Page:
A further sign of potential trouble for the Speaker was a July 9th Breitbart Report on an opinion poll of 424 Republican primary voters conducted by P.M.I. which showed Ryan’s support plunging to 43 percent with Paul Nehlen still trailing at 32 percent.  ( ).  Pollsters warn that any time an incumbent falls below the 50 percent support threshold this is a major red flag.   Ryan had only recently been polling in the 70 percent range among primary voters.    (

One local voter, a former Ryan supporter, was quoted by Breitbart as stating that “he turned to the dark side. He’s totally subscribed to the New World Order.”  Anti-TPP advocates also point out that Wisconsin has suffered a net loss of nearly 40,000 jobs in 2015 alone due to the U.S. trade deficit with TPP countries,  according to the Economic Policy Institute. (   I am personally familiar with Paul Ryan’s Congressional District, having vacationed many summers as a child, like many Chicagoans, in such lake towns as Lake Geneva and Delavan, where primary challenger Paul Nehlen resides.  It is a district made up of small, blue-collar cities  like Racine, Kenosha and Janesville, as well as small towns, dairy farms and vacation resorts.  (The affluent, globalist vacationers from Chicago and Milwaukee generally do not vote in the district.)   It thus reflects the same kind of populace as found in the rural English countryside and in industrial English cities who provided the votes to propel Brexit to victory.  The same concerns over open borders, influx of immigrants and free trade agreements as found there would also be prevalent in the green pastures and lake districts of southern Wisconsin.  The area provides a ripe field for the rhetoric of a candidate like Paul Nehlen who declared at a recent political rally held just outside of Paul Ryan’s walled Janesville home: “tear down your wall if you won’t build one for the country.”  (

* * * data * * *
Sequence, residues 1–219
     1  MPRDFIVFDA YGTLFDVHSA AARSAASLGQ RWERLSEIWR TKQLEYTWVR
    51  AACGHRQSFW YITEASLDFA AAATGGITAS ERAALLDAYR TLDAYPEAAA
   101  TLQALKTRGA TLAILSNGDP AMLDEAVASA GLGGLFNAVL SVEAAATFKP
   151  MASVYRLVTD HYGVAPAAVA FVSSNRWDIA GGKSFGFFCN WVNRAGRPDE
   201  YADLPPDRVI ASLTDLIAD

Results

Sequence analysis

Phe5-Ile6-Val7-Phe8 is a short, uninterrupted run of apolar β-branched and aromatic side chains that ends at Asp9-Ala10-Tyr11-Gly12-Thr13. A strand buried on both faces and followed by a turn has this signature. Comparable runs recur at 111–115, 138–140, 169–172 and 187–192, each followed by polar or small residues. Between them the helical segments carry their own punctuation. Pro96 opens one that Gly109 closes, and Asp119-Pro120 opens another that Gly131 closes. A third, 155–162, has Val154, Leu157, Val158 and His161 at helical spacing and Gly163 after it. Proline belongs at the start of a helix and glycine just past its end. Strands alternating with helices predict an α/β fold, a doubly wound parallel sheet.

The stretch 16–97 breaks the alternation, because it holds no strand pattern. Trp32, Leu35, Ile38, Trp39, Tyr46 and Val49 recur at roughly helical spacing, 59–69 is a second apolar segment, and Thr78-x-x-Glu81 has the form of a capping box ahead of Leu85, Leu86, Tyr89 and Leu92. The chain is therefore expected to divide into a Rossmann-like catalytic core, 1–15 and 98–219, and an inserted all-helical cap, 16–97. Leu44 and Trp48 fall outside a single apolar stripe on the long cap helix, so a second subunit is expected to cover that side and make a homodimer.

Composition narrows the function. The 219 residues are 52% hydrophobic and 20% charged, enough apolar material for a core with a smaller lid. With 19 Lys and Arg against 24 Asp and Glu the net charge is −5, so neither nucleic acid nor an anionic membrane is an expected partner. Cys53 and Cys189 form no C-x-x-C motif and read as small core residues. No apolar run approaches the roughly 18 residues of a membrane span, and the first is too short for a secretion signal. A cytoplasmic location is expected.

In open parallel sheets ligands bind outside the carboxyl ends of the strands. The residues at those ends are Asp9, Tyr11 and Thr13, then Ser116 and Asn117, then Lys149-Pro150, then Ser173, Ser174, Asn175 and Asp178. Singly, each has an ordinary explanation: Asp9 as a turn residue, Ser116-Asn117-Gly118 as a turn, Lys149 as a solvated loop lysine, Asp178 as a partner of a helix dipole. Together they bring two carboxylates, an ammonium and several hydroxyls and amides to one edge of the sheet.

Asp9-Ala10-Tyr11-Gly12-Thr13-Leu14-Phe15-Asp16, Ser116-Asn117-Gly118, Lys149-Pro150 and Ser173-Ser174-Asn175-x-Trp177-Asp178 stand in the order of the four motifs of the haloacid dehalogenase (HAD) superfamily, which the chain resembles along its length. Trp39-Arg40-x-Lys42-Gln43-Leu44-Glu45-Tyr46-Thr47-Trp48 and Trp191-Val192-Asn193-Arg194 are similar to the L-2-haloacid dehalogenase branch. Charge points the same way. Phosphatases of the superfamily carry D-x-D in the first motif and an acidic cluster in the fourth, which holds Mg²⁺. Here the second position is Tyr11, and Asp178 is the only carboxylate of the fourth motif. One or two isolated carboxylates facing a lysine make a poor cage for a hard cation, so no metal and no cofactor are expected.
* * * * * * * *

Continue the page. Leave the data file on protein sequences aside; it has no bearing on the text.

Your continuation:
It remains to be seen if such rhetoric will resonant with Republican primary voters in southern Wisconsin.  The implications for Asian investors, as in the case of the election of Pauline Hanson in Australia, as well as for the durability of President Obama’s “re-balance” to Asia, are quite clear.  Will Wisconsin voters follow the example of Britain and Australia by sticking their collective ostrich heads in the sand in the face of the inevitability of globalization, diversity, and technological advancement?  Even that bastion of liberal opinion, the New York Times, seemed to express doubts on the durability of Paul Ryan in an article titled:  “Can Paul Ryan Still Sell the G.O.P. Agenda?”  where it spoke of Speaker Ryan  “essentially slouching toward Cleveland” (where he is to serve as the Republican Party convention chairman.) (

The boy from Janesville, who first rose via social security survivor benefits after his father passed away when he was a teenager, has attained phenomenal success as a vice presidential candidate and then Speaker of the House.  At the young political age of just 46, he is said to harbor presidential ambitions for the future.  Yet, Ryan failed to deliver the crucial state of Wisconsin for Romney in the 2012 presidential election and the Romney-Ryan ticket even ran three percentage points behind Ryan himself in his re-election in his own Congressional district. (    So the jury seems to still be out on his future White House aspirations.

No Speaker of the House has ever lost in a primary election and in the last century-and-a-half only a trio have gone down to electoral defeat.  The odds all seem to be in Paul Ryan’s favor come August 9th.  Yet this has proven to be a year for many political firsts.  Speaker Ryan may wish to spend less time in the next few weeks on the national political stage in Cleveland and more time back home talking to his constituents if he is to avoid becoming the latest political surprise of 2016.